Reiki teaching: what are your goals?
When you are starting to teach Reiki courses and are planning what you are going to cover, demonstrate and say, it is very important that you start with a clear idea of what you’re aiming for: your goals.
Goals can encompass what information you want your students to have taken on board and understood, what practical exercises you want them to have been through, and feel comfortable with, and what ‘Reiki worldview’ you want to instil. I will talk more about this last item further down the page.
Most teachers will want their students to have a fairly good idea about:
- What Reiki is
- Where it comes from
- What Reiki can do for them if they work with the energy and the precepts regularly
- What Reiki can do for other people when they receive Reiki treatments
This information can be made available on a web site, so potential students can find out about these areas even before they book on a course. So, for example, the “About Reiki Healing” page of this web site starts with this text:
Reiki is a simple Japanese energy system anyone can learn
- Experience peace of mind and inner calm
- Relieve stress and anxiety
- Bring a sense of balance and wholeness
- Help family and friends
- Explore your spiritual side
- Let go of emotional baggage
Further down the page I include links that people can follow to find out more about a whole range of issues to do with Reiki, which you can see below in this screen shot (please note, this is an image and nothing is clickable):
If you have your own web site and would like to be able to refer to these articles, please include a link from your web site to any of these pages. Don’t copy and paste the text into your own site, though, because Google won’t like that and will penalise your site.
Then the information can be repeated, rewritten or summarised in your course materials (your manual, maybe on an audio CD). You will see in my blog Reiki teaching: your course materials that I recommend that you send your course materials out to your students in advance so they can take their time and mull over this information, and re-visit it several times before arriving on your course, and this means that they day of your course can involve you just re-capping the main points, rather than trying to tell everyone everything, for the first time, on a course where your students are half-zonked-out on the energy and in the worst position to be able to assimilate new information!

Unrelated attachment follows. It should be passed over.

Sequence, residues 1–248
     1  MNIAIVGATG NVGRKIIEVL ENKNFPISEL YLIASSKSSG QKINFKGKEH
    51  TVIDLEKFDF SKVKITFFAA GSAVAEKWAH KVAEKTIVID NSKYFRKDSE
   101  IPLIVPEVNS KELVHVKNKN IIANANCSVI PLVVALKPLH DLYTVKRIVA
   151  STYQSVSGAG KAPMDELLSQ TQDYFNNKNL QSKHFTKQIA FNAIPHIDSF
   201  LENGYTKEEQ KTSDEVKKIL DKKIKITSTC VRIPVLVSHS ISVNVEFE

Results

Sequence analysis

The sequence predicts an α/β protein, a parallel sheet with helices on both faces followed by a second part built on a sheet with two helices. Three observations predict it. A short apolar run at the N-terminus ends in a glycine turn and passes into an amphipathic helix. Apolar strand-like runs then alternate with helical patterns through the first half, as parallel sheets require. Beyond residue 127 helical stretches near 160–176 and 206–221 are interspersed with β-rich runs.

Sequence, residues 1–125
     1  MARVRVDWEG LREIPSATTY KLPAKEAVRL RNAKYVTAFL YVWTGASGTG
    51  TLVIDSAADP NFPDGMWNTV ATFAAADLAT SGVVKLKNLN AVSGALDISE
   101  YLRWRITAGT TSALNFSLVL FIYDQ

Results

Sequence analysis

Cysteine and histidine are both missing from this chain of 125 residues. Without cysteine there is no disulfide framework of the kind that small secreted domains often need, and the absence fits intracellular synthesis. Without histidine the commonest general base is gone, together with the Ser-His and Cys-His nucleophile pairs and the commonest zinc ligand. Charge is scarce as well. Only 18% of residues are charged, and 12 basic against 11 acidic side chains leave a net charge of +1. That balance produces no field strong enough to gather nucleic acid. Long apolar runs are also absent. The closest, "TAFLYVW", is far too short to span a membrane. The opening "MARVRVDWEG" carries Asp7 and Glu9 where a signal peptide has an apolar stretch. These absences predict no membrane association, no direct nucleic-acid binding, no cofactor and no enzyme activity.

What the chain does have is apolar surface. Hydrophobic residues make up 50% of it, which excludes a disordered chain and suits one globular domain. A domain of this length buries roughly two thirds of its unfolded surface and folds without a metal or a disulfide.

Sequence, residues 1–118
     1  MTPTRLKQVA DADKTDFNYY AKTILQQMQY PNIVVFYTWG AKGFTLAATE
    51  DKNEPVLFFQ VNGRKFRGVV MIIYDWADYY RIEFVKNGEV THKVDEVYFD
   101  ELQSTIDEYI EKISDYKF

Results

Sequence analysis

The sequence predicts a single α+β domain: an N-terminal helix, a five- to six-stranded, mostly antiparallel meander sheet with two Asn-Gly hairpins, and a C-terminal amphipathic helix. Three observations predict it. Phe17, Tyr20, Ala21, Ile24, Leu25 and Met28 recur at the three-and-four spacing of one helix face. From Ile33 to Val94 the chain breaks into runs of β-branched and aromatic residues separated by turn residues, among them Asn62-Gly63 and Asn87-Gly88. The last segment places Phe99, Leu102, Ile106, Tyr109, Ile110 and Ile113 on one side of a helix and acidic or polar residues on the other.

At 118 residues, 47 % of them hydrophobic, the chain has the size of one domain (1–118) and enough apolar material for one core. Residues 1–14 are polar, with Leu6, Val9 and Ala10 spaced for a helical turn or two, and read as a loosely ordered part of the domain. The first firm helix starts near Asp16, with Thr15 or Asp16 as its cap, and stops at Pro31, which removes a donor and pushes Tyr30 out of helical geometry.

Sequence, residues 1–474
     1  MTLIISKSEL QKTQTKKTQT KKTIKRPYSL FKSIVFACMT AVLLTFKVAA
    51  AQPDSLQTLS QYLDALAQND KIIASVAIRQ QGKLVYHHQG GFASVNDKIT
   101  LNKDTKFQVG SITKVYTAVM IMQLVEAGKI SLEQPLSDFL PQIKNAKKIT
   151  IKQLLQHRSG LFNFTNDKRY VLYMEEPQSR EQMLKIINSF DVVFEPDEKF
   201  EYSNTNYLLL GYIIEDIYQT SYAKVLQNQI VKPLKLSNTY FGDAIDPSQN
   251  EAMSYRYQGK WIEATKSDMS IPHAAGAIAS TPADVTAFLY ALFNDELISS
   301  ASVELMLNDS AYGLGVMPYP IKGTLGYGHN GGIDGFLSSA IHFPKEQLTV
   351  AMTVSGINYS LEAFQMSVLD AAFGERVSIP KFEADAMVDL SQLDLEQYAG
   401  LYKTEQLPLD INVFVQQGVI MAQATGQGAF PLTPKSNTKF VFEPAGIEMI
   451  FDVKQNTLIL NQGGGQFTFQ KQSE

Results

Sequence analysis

How to work out what to tell them
There is a lot of information out there to do with Reiki and it can be difficult sometimes to see the wood for the trees. What do you tell them? What should you start with?
To get some focus, ask yourself this question for each category of information (what Reiki is, where Reiki comes from, What Reiki can do for you etc):
- If I could only tell my students five things, what would they be?
- If I had to blurt out the basic info in a 30 second conversation with someone while travelling in a lift, what would I blurt out?
These questions give you an idea of the priorities, the main themes, and then you can expand on these themes and provide additional supporting info and examples. I talk more about this in Reiki teaching: explain, guide and review.
Here is where you decide what practical exercises you want your students to go through on your course, what they need to feel comfortable with, and what they need to understand about what they are doing.